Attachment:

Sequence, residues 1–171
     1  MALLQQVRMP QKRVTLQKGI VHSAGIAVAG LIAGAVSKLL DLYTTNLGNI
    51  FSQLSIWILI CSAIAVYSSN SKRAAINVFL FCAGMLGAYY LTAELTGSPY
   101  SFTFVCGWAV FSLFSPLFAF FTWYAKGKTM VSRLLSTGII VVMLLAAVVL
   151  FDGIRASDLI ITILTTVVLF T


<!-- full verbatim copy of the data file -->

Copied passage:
Sequence, residues 1–171
     1  MALLQQVRMP QKRVTLQKGI VHSAGIAVAG LIAGAVSKLL DLYTTNLGNI
    51  FSQLSIWILI CSAIAVYSSN SKRAAINVFL FCAGMLGAYY LTAELTGSPY
   101  SFTFVCGWAV FSLFSPLFAF FTWYAKGKTM VSRLLSTGII VVMLLAAVVL
   151  FDGIRASDLI ITILTTVVLF T